In March, 2020 VOR's Legislative Committee sent a letter to the Senate Finance Committee, asking for an opportunity to provide testimony from families whose loved ones’ interests, health and welfare are directly impacted by the Money Follows the Person Rebalancing Program.
VOR continues to speak out about the shortcomings of MFP, and the manner in which it has been used to undermine Intermediate Care Facilities and to deny individuals and families their right to choose ICF care.
This report, released in January, 2018 by the U.S. Department of Health and Human Services,' Office of the Inspector General, Administraton for Community Liiving, and Office of Civil Rights acknowledged the systemic shortcomings in protecting residents of HCBS waiver group homes from incidents of abuse and neglect. OIG found that up to 99 percent of these critical incidents were not reported to the appropriate law enforcement or state agencies as required. The report stated, “Group Home beneficiaries are at risk of serious harm. OIG found that health and safety policies and procedures were not being followed. Failure to comply with these policies and procedures left group home beneficiaries at risk of serious harm. These are not isolated incidents but a systemic problem – 49 States had media reports of health and safety problems in group homes.”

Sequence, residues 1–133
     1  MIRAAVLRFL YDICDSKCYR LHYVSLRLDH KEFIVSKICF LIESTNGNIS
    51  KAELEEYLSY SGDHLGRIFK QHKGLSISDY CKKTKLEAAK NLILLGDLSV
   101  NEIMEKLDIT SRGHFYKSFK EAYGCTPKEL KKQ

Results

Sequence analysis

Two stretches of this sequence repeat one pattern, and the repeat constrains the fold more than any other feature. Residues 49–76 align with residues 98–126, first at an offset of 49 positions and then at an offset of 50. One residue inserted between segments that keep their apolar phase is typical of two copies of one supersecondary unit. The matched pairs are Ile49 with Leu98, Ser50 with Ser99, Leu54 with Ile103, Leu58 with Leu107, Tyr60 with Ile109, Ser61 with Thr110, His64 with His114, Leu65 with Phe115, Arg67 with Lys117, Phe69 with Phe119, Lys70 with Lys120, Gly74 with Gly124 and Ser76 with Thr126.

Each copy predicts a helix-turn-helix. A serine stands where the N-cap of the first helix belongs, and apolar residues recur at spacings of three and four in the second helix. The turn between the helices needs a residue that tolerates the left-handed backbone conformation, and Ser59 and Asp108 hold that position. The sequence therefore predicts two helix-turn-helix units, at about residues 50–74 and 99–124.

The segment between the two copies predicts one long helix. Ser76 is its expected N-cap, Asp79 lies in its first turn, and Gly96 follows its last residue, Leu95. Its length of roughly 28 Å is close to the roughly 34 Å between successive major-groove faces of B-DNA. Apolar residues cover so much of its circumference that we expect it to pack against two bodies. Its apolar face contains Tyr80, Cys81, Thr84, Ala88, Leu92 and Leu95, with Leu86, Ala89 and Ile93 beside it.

VOR supports a well-trained, well-paid workforce of healthcare professionals to care for our loved ones with intellectual and developmental disabilities (I/DD). A fully coordinated nationwide program for background checks for Direct Support Professionals (DSPs) would be essential to protecting individuals with I/DD while improving the quality and integrity of long-term caregivers.
The Disability Integration Act (DIA) is a seriously flawed bill. While the intention of the bill is to provide services for all people with intellectual and developmental disabilities, it would eliminate existing services provided to the most severely impacted members of this population, and moving these individuals from their long-term homes into more isolated settings that provide fewer services, lower staffing ratios, and lower standards of care.